February 27th, 2019
This year, we’re celebrating innovation in journalism through a series of interviews with changemakers from across the news industry. Through the “Newsmakers” series, you’ll get to know a few of the journalists, newsroom leaders, researchers and technologists who are shaping the future of news. Today, we’re starting our series with Noemí Ramírez, the Chief Product and Customer Officer at PRISA Noticias, the parent company of EL PAÍS, the leading newspaper worldwide in Spanish. She leads the product, analytics and audience development areas at the company.
As an advocate for exploring the intersection of technology and news, Noemí has been instrumental in bringing Perspective, our AI-powered tool that aims to improve conversations in the comments section, to Spanish-language content. Before EL PAÍS, she was the Product Director at PRISA Innovation, a chief editor at El Mundo and worked for Investigative Reporters and Editors (IRE), the largest investigative journalism association in the U.S.
We spoke with Noemí about the power of technology in newsrooms and what qualities are key in the fast-paced world of journalism.
How did you first get started in journalism? If you weren’t a journalist, what would you do?
I always saw a clear connection between my background in information management and investigative journalism. As a result, I became very interested in the work done by IRE and decided to move to the heartland of America to earn a master’s degree in journalism as a Fulbright scholar at the Missouri School of Journalism. That’s where I had the opportunity to work both with IRE and NICAR(The National Institute for Computer-Assisted Reporting) in the area of Data Journalism—back in the late nineties it was called computer-assisted reporting. I got exposed to the impact that technology has in the storytelling and in the discovery of newsworthy stories.
I feel very attracted to professions that involve a strong level of research, testing hypotheses and supporting or discharging them based on factual evidence. I guess if I wasn’t working in journalism I would probably have pursued a career in disciplines as different as engineering, medical research or anthropology.
What’s one thing the industry should stop focusing on? What’s one thing that the industry should do more?
When comparing media with other industries, we in the media have a certain tendency to focus on what makes us unique. As good as it is to focus on what makes us stand out, there are many lessons to learn from other sectors, which is tied to developing a more collaborative mindset.
Probably the most obvious one is learning from the tech industry, which has a continuous pace of experimentation and an aim of speeding up delivery of products. Second of all, I am particularly interested in what drives consumers’ loyalty to powerful brands, both new and old, that put customers first. The media could learn from those companies, as well as from fundraising tactics led by NGOs.
What are some trends in technology for newsrooms that excite you?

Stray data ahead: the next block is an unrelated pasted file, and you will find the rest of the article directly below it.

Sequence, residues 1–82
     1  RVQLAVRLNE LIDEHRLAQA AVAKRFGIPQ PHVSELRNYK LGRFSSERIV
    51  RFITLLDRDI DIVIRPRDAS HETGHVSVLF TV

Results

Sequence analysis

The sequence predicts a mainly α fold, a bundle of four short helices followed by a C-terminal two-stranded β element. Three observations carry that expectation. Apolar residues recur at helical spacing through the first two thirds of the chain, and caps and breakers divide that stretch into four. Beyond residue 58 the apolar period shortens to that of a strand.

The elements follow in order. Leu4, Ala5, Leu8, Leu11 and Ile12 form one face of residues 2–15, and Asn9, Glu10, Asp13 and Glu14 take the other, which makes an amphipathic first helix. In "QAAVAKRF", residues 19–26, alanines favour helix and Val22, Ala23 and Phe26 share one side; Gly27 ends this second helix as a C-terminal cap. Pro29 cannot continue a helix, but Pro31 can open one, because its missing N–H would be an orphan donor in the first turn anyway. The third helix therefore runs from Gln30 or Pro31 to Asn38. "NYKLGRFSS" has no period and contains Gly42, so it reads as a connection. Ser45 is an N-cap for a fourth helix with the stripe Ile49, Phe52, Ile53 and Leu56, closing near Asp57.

The two usual suspects these days: AI and voice-activated interfaces. Machine learning algorithms take data journalism to a whole different level by allowing reporters to unveil the hidden connections between names, companies and other entities that might have been unnoticeable otherwise. There are also other kinds of applications of AI, such as helping manage readers’ conversational flows, identifying toxicity in their comments and contributing to a healthier and more constructive public debate.
Voice interfaces open up exciting opportunities to explore new narratives and build products that are becoming increasingly integrated into our daily routines. These new products will be consumed in a vast array of connected devices, and that means we must develop a deep understanding of our users and create a truly customized experience for them.
What do you think is key to the future of your job and that of the industry?
Adapting to the rapidly changing environment, regaining the trust of the public, building a sustainable business model and getting control of that business model are probably the most important challenges that journalism is facing now and in upcoming years.
What would you say to a student thinking of entering journalism as a future career?
First, it’s important to have a realistic view of what’s going on. Almost every week we read about attacks on the press, traumatic layoffs, people reading misinformation instead of factual, verifiable stories and media companies struggling to consolidate different revenue streams. I do think, however, that there are also good reasons to believe that the role of independent and quality reporting is needed more than ever and that there is a future for journalism.
Second, at a time of rapid change, the essential qualities of a good reporter—curiosity, critical thinking, knowing what to ask and search for—have not changed. In fact, digital media has made those qualities even more important. Journalism students need to learn how the new formats, narratives, and new distribution players will help them to do their job: telling good, engaging stories to an increasingly large number of loyal readers.
Finally, bring an open, collaborative mind. Newsrooms have changed, and those that haven’t yet are on the brink of doing so. Nowadays, reporters work with product managers, audience analysts, engineers, video producers, visualization experts, and data scientists. The industry is looking for people who combine product skills, technical understanding, and business acumen and feel comfortable speaking those different languages.